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​The patella is a bone located in the front area of the knee joint and acts as a lever arm for the extensor mechanism. Disruptions in the area of the kneecap or a dislocation can lead to pain and cartilage damage.


The kneecap, also known as the patella, is a triangular bone located in front of the knee joint. It is the largest sesamoid bone in the human body and serves as a lever arm for the muscles of the front thigh to extend the knee joint. The kneecap is covered by a layer of cartilage that allows for smooth movement of the knee.

Patella alta and patella baja are conditions in which the position of the kneecap has changed. In patella alta, the kneecap is higher than normal, while in patella baja, it is lower than normal. These changes can cause the kneecap to be unstable and potentially dislocate during movements of the knee joint.

Jumper's knee, or patellar tendonitis, is a common overuse injury that affects the patellar tendon, which connects the kneecap to the shinbone. It is characterized by pain and inflammation in the tendon, often due to repetitive jumping or running activities.

Patellar dislocation is an injury where the kneecap is forced out of its normal position. It often occurs in young, active individuals and can be caused by direct impact to the knee or sudden movements. Patellar dislocation can result in pain, instability, and swelling in the knee.


The patellofemoral pain syndrome, also known as runner's knee, is a common knee condition characterized by pain around or behind the kneecap. It often occurs with activities that involve bending the knee, such as running, squatting, or climbing stairs.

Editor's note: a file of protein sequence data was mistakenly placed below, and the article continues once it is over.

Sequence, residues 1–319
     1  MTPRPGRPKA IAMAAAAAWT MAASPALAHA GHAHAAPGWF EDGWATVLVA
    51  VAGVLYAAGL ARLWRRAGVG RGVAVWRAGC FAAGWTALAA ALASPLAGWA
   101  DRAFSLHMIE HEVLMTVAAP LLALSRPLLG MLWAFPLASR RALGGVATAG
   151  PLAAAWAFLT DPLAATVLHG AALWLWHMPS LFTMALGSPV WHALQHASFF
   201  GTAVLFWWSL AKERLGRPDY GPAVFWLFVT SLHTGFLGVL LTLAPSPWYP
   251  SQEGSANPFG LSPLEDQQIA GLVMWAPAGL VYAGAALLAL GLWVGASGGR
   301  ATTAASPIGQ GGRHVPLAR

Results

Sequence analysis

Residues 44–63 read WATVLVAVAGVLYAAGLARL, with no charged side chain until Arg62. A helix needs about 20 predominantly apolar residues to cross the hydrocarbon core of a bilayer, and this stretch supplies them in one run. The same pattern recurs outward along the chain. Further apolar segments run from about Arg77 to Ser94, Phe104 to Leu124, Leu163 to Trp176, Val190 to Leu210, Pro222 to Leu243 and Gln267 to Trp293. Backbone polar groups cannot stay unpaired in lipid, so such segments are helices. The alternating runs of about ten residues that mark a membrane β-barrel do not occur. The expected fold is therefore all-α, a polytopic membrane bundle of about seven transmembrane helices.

The diagnosis of patellar injuries is typically made through physical examination, imaging tests such as X-rays or MRI scans, and possibly arthroscopy, where the doctor directly examines the knee joint.


Treatment for patellar injuries depends on the severity of the injury. In most cases, conservative measures such as rest, physical therapy, and pain medication are used. However, in severe cases, surgery may be necessary to stabilize or repair the kneecap.

In addition to treatment, it is important to take measures to reduce the risk of patellar injuries. This may include wearing appropriate footwear, improving posture and muscle strength, and avoiding excessive training or activities that stress the knee joint. Careful rehabilitation after a patellar injury is crucial to restore full mobility and functionality of the knee joint.

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